Activity hubs: The new master plan moves away from creating one downtown area in Wyoming to building neighborhood centers where residents can gather “and strengthen their sense of community, enhanced with features like public art and outdoor seating areas.”
“We recognize that we’re not going to have a true downtown, the definition of a Grand Rapids downtown, but we want a place where our residents can come and they can congregate with each other and they can just have a great time,” Hofert said.
Each hub would have a different mix of amenities, including green space, community or fitness centers, housing, office space and local retailers, even a food truck gathering area near HO̅M Flats at 28 West.
Prioritizing pedestrians: Hofert says Wyoming’s master plan follows the national trend of moving away from a car-centric lifestyle with “incremental development to start introducing the pedestrian back onto 28th Street.”
Steps include shortening city blocks, widening sidewalks and expanding the walkways to connect businesses, adding more landscaping between the road and sidewalks, removing curb cuts, extending curbs to shorten crosswalks, creating more crosswalks, and shifting parking to behind businesses, so storefronts border the sidewalk.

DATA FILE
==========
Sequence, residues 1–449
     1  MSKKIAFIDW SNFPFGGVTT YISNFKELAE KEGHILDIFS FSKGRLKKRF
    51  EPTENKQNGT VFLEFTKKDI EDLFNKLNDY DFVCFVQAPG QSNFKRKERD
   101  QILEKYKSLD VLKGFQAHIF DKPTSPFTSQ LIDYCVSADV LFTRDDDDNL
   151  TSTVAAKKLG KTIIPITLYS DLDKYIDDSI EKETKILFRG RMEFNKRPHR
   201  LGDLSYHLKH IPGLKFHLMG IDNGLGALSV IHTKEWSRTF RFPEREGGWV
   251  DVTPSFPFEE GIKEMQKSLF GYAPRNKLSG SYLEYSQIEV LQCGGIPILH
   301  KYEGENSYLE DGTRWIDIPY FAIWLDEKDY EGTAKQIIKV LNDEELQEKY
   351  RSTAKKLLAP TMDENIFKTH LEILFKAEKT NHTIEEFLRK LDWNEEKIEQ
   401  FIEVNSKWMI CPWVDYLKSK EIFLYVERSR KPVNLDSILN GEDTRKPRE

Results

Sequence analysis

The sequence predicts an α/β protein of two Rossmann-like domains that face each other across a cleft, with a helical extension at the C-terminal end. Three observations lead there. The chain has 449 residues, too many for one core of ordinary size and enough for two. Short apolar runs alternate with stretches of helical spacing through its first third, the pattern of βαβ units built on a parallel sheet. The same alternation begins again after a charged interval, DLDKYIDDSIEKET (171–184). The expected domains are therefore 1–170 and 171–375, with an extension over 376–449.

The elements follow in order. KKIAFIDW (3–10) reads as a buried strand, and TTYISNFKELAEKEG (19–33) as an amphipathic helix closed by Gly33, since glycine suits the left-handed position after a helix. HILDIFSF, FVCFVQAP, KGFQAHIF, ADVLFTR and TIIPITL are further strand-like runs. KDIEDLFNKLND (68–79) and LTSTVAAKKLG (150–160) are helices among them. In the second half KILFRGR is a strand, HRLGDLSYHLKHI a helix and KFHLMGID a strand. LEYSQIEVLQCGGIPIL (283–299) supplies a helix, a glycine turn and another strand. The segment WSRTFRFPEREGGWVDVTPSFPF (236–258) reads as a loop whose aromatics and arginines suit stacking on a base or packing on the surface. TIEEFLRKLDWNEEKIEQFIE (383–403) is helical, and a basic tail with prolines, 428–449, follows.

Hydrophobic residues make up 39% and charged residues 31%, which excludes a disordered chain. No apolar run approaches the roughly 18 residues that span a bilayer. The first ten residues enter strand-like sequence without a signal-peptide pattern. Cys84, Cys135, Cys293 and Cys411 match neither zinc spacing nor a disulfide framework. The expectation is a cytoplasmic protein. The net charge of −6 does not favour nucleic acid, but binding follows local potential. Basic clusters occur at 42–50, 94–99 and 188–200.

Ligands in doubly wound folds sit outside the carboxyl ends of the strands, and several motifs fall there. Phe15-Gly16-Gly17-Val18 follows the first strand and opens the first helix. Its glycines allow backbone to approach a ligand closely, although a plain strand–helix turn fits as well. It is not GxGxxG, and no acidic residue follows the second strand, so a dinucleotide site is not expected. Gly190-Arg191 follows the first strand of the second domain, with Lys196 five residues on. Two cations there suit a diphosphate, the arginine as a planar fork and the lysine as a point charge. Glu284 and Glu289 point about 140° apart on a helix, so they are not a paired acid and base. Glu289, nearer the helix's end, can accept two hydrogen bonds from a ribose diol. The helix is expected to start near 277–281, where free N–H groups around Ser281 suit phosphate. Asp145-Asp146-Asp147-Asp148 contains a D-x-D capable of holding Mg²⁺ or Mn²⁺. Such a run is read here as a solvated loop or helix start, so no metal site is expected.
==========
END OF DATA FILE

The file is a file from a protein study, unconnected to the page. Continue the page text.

“We have a tremendous amount of local talent right here on 28th Street. Even during (the) COVID (pandemic), we saw some new restaurants open up: Poncho’s Tacos, we have Fresh Coast, Lindo Mexico. So we’ve got some great opportunities already popping up on the corridor, but it’s… how to connect those, how to get people to them more easily so that they don’t have to hop in a car all the time to go to these places,” explained Hofert.
Eliminating vacancies: Stakeholders collected best practices from across the country for the city to consider during the redesign rollout, including considering medical or office uses for empty retail spaces, transforming vacant spaces into short-term business incubators or pop-up event spaces and a potential vacancy fee for owners of empty buildings.